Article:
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Throughout the day (and in a few of the pictures above), we could see the legendary mogotes in the distance, giant limestone monoliths that look as though they were dropped out of the sky. I wondered if it was possible to get closer to these, to actually walk right up to the point where they rise abruptly out of an otherwise Manitobanly-flat prairie. The next day would answer my question.

Day 2: Bicycles

Our obviously-very-well-connected casa hostess somehow made two bicycles appear the next morning, pointing us down the street which would eventually turn into a highway that wound through the mogotes. We got out onto the open road and felt the familiar exhilaration of highway cycling, except that instead of the grain elevator-dotted cornfields of southern Manitoba we were surrounded by mogote-dotted tobacco fields.

Tinker Creek’s star cyclist brings her skills to Cuba.
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Yep, you can! (Walk right up to the base of a mogote and touch it, that is). Most mogotes aren’t this vibrantly coloured…this one bears the Mural de la Prehistoria, a gigantic work of art depicting the evolution of life on earth.
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Our reward for our early start was having the entire mural to ourselves to experiment with cycling selfies. And some brief respite from that piercing Cuban sun.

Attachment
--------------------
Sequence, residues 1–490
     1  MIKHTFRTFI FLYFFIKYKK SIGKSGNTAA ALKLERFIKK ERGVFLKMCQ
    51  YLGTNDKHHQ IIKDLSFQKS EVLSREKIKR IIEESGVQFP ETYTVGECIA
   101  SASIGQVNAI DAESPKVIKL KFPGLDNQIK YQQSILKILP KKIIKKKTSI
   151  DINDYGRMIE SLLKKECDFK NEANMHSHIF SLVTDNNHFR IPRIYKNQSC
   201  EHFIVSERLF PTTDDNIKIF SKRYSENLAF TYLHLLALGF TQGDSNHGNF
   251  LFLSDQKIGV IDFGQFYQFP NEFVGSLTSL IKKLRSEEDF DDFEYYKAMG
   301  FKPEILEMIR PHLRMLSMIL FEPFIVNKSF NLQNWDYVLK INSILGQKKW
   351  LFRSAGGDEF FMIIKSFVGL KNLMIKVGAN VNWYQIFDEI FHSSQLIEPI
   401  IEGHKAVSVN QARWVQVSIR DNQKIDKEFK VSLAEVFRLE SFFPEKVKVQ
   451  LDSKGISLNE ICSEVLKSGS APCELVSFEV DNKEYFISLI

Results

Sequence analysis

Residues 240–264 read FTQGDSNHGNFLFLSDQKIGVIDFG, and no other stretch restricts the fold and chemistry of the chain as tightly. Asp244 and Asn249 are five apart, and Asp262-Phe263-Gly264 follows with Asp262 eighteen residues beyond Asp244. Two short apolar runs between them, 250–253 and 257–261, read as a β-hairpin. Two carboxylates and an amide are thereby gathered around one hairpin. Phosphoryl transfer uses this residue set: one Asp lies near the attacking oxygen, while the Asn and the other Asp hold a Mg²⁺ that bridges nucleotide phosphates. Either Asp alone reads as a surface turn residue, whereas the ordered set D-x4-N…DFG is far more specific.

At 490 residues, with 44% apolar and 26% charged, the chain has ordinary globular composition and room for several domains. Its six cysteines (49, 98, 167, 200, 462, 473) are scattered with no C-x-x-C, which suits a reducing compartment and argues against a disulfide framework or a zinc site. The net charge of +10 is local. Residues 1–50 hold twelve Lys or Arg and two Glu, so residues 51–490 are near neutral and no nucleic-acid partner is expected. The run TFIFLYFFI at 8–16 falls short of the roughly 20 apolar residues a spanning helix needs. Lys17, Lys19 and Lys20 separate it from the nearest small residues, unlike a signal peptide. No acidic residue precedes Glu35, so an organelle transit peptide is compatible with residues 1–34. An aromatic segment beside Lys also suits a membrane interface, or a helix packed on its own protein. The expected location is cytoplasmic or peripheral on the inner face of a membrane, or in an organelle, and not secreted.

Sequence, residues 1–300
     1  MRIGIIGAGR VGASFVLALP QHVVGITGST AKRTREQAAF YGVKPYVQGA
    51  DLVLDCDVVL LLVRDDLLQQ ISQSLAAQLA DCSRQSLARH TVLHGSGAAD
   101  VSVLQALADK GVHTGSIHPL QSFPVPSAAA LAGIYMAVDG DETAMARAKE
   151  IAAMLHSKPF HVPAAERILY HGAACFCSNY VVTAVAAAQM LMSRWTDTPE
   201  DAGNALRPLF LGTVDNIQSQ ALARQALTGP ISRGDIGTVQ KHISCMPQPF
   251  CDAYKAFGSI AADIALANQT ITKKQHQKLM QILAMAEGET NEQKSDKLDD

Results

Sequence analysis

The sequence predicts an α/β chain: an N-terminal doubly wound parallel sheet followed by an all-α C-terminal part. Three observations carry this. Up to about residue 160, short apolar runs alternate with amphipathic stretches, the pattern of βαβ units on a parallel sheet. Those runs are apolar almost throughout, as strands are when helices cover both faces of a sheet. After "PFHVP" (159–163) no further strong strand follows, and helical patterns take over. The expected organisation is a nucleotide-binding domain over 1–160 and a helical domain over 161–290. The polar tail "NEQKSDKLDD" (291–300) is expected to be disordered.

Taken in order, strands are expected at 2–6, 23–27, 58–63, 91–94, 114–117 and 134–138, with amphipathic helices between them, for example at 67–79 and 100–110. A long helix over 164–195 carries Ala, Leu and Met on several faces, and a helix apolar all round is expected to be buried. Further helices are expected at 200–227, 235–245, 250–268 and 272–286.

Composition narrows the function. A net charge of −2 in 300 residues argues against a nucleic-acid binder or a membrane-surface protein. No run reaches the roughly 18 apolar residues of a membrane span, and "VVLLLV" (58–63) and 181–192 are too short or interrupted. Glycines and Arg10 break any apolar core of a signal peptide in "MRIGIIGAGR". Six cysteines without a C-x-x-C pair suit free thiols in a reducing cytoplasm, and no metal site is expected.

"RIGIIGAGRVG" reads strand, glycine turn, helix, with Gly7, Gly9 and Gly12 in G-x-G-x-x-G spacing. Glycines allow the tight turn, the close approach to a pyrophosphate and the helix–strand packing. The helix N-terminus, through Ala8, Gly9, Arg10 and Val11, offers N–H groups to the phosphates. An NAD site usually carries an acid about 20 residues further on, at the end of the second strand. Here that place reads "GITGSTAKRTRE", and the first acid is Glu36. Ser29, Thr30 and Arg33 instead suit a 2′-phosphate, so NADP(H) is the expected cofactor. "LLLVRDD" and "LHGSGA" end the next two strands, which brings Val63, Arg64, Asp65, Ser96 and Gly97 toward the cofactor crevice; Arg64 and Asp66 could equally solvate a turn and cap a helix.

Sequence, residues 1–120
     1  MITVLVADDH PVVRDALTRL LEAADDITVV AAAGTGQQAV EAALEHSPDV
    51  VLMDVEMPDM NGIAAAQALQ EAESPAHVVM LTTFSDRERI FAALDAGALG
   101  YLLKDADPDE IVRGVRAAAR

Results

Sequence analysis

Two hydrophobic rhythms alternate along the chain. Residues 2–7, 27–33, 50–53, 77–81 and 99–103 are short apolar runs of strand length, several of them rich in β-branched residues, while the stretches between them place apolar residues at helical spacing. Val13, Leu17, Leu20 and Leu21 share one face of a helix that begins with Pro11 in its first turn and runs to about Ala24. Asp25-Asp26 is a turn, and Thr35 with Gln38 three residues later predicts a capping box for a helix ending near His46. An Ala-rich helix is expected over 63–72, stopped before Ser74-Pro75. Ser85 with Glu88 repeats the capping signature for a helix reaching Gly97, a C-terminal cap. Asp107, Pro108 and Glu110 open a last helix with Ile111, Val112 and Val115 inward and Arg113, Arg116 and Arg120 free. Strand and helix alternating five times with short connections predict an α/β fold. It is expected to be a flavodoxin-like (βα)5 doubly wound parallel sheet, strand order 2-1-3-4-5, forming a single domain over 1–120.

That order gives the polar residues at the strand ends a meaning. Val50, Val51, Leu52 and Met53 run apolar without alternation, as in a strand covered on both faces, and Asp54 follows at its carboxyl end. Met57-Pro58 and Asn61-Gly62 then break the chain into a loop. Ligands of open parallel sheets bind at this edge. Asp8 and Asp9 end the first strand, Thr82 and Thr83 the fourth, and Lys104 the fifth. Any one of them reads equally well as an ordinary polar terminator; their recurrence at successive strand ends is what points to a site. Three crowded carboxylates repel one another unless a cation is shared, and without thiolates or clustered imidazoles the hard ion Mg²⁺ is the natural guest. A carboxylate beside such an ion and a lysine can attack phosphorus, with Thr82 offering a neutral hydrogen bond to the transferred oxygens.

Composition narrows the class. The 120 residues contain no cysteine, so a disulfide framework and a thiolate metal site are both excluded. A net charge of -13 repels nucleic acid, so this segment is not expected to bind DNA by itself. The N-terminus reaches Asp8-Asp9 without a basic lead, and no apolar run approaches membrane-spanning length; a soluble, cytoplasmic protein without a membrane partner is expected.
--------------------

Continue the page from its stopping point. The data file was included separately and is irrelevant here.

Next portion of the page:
Mural y mogote
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As the heat was reaching its peak, we sought refuge in la Cueva del Indio, a magnificent cave that once served as a natural fortress for an entire indigenous people. Half of it is filled with water and requires a boat to navigate, giving it an eerie River Styx quality.
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Day 3: Cattle-truck

The one typical Cuban treasure that Viñales lacks is a beach, but there are plenty of taxis willing to drive you the 2ish hours to nearby Cayo Jutías for a fairly significant price. When we asked our casa hostess (who by this point was starting to seem less well-connected and more positively magical) if there was a less expensive way she said yes, and that she would arrange it for the next morning. We just had to be at the door by 8:00.